Background Mannose-binding lectin (MBL) is involved in the processing of apoptotic debris; deficiencies in this mechanism are strongly associated with autoimmunity, including systemic lupus erythematosus (SLE) with nephritis, i.e. lupus nephritis (LN).
Objectives To determine if the genetically determined state of MBL-deficiency confers an increased risk of LN in SLE.
Methods SLE patients attending a Danish tertiary rheumatology center were genotyped in exon 1 of the MBL2 gene at codon 52, 54, and 57 for single-base substitutions named O versus the wildtype allele A. MBL2 genotype thus comprised genotypes A/A, A/O, and O/O (MBL deficient). Development and histological class of LN was looked for from the time fulfillment of the ACR 1987 classification criteria for SLE until end of follow-up. Development of end-stage renal disease (ESRD) was looked for from time of LN to end of follow-up. Cox regression analyses were controlled for gender, age, race, and immunosuppresants.
Results Of the 171 patients included in the study, 91 percent were female and 92 percent of Caucasian descent. The median age at SLE onset was 29 years (range 11-72 years). The median follow-up from time of SLE classification to development of LN or end of follow-up was 5.7 years (range 0-34 years) with a total of 1165 patient-years. LN developed in 94 patients and among these ESRD developed in 16 patients during 1556 patient-years. The prevalence of A/A, A/O, and O/O MBL producers was 99 (58%), 60 (35%) and 12 (7.0%), respectively.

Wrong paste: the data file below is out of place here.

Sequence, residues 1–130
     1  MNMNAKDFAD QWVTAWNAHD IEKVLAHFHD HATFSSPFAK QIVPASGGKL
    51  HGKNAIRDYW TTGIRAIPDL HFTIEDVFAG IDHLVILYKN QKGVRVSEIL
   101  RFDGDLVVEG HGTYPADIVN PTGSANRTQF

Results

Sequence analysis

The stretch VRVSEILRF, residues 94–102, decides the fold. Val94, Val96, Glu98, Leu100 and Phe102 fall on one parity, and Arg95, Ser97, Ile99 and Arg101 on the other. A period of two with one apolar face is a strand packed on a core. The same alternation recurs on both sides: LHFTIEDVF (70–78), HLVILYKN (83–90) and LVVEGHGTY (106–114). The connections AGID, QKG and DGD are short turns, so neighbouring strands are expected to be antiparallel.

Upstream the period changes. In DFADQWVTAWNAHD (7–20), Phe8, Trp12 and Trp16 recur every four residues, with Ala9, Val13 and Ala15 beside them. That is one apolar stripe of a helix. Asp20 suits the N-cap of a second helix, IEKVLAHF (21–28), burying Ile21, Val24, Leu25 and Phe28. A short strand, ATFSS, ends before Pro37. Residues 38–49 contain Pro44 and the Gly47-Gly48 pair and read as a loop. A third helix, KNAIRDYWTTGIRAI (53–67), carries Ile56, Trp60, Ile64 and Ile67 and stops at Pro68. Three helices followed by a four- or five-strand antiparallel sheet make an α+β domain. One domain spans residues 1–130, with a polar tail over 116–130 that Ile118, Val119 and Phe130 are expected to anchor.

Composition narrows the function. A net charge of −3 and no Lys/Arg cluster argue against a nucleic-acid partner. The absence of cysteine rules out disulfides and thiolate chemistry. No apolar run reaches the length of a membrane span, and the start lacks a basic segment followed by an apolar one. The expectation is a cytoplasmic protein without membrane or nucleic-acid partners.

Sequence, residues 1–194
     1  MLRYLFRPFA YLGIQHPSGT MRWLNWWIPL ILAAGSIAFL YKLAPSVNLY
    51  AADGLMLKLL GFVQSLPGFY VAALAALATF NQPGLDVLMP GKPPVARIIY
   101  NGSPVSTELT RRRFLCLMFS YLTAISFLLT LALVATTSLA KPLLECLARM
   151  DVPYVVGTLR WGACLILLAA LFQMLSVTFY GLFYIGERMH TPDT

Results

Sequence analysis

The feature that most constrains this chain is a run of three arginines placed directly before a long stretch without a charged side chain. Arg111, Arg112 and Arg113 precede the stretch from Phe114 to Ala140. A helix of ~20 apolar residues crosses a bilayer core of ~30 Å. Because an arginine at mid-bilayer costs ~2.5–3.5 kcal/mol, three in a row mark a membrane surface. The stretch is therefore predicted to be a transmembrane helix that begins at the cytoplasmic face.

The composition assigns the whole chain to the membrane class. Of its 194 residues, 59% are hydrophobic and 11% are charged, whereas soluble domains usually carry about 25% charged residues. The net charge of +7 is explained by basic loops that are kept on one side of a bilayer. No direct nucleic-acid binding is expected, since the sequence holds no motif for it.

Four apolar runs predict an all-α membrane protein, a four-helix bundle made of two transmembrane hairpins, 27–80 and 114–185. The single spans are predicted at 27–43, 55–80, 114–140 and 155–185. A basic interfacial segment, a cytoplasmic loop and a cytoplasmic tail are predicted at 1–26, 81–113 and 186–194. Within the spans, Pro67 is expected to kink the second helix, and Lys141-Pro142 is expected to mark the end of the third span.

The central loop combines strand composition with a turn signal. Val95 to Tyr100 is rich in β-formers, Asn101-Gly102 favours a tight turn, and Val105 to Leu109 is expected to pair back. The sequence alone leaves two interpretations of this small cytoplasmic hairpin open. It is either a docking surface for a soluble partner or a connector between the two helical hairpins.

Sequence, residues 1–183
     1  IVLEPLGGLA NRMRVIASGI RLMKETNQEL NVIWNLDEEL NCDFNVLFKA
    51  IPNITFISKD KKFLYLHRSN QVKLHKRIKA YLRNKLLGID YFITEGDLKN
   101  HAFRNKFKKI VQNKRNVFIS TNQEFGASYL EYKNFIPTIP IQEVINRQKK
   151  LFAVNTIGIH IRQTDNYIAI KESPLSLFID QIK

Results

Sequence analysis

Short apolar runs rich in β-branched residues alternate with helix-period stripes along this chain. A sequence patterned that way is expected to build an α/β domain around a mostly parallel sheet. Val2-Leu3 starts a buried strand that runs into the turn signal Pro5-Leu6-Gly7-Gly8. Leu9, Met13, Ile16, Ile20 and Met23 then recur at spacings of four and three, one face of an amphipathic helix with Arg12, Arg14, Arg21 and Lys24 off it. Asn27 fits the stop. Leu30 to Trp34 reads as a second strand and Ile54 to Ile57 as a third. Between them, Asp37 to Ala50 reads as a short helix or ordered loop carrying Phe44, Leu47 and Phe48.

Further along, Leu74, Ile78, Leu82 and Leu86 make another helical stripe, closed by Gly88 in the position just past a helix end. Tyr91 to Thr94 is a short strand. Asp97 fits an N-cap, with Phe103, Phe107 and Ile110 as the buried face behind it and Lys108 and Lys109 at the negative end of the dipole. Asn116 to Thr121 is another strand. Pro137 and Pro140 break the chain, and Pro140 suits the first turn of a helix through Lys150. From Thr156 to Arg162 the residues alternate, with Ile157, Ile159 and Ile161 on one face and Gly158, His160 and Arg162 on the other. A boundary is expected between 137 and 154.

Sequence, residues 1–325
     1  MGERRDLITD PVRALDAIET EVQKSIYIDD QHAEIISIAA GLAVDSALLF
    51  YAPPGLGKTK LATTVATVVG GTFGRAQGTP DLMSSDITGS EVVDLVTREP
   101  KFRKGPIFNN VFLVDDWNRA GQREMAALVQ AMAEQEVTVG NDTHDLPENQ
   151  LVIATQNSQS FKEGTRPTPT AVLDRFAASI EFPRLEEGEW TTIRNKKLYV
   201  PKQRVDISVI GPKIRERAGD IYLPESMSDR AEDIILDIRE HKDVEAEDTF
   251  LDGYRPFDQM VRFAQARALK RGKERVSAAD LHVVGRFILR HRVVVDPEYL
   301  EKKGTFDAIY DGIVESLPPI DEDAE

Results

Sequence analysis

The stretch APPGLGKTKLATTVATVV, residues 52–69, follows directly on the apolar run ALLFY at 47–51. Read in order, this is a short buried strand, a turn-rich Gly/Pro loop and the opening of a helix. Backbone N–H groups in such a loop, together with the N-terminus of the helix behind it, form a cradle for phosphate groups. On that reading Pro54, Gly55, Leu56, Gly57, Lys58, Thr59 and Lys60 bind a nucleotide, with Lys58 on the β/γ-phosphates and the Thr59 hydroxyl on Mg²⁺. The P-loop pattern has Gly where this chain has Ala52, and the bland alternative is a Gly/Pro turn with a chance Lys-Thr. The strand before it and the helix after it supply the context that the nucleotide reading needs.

Conclusions The finding of a 2.6-fold increased risk of LN among MBL deficient SLE patients supports the notion that deficiencies in innate immunity components involved in removal of apoptotic remnants may promote immunecomplex mediated manifestations of SLE. ESRD was not associated with MBL deficiency indicating its greater importance in early events of LN. These findings enhance our understanding of the pathogenesis of SLE. Furthermore, the relatively high background prevalence of MBL deficiency and the fact that 10 out of 12 such SLE patients eventually developed LN, also indicates that MBL genotyping may have a place in clinical risk stratification of SLE patients.
Acknowledgements Danish Rheumatism Association, Novo Nordisk Foundation, Rigshospitalets Research Fund
Disclosure of Interest None Declared
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